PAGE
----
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Doug Krizner: Since the rogue trader scandal at Societe Generale, the French government’s been calling for tighter controls on banks. In a report this morning, the finance ministry identified serious flaws in risk management. From the European Desk, Stephen Beard has more.
Stephen Beard: Eleven days after the scandal broke, the French government has spelled out the lessons to be learned. It zooms in on three major problems at the bank.
First, that someone who had worked in the back office checking up on traders had then been given a job as a trader. Second, that the trading computer network was not secure. And thirdly, that there was not an effective system for spotting unusual transactions.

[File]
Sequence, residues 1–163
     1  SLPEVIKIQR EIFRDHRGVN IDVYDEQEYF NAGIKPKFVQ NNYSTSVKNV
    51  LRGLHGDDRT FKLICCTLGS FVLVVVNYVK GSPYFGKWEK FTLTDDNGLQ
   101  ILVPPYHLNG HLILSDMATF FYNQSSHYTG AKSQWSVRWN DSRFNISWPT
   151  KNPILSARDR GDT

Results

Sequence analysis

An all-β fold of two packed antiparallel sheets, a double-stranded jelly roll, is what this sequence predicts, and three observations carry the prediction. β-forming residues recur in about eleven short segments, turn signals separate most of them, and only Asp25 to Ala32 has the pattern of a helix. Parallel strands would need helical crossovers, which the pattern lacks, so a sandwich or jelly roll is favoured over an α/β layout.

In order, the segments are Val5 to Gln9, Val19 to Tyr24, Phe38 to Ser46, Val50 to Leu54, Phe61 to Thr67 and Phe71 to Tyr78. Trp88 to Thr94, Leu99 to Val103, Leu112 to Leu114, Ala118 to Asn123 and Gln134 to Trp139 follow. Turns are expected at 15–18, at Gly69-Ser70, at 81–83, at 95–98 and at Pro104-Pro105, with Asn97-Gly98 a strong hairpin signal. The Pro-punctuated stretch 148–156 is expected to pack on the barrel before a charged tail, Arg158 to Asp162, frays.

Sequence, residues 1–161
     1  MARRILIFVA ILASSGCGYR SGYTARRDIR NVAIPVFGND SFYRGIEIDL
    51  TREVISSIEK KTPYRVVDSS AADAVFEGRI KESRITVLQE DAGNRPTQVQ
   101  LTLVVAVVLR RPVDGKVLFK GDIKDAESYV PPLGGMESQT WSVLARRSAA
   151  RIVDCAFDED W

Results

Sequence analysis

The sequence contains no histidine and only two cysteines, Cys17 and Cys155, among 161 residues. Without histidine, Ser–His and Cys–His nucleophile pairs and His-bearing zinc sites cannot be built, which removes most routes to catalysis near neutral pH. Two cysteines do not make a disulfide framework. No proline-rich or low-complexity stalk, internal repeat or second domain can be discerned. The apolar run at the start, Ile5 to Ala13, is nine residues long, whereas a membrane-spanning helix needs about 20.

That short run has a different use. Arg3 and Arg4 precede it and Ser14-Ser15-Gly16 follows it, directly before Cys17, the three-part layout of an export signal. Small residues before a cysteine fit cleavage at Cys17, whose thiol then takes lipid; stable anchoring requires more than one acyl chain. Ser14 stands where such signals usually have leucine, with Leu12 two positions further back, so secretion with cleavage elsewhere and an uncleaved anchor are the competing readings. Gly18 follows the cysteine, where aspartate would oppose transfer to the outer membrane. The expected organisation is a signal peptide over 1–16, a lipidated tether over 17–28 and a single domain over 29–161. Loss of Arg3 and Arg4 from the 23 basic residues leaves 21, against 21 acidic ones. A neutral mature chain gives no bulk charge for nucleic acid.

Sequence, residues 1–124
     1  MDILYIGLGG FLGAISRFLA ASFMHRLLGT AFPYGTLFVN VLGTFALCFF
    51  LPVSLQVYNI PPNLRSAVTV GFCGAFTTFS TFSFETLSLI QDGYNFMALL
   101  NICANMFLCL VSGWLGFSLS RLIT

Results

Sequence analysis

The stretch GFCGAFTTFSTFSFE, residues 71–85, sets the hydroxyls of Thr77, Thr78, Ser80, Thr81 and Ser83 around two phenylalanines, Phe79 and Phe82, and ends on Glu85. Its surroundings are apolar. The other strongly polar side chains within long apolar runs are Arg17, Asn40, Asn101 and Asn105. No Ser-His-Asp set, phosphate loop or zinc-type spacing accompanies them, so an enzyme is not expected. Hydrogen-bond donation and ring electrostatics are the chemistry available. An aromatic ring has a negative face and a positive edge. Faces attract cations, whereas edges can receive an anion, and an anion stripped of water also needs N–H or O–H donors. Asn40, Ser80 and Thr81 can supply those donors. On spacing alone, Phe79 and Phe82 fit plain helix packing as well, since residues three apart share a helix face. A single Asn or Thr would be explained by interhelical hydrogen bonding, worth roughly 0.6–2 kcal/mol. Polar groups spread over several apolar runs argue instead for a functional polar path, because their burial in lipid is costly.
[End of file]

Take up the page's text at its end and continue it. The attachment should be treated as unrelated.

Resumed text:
Sophie Pedder is the Economist magazine bureau chief in Paris. She says the report also criticizes the bank for missing a series of warning signals:
Sophie Pedder: For example, the very fact that this particular trader had hardly taken any holiday which should have had red warning lights flashing because he wasn’t ready to let anyone look at his books. A series of examples like that.
The report, however, praises SocGen for the way it sold off the trader’s unauthorized investments, and flatly denies that this action caused the big slide in European share prices.
In London, this is Stephen Beard for Marketplace.
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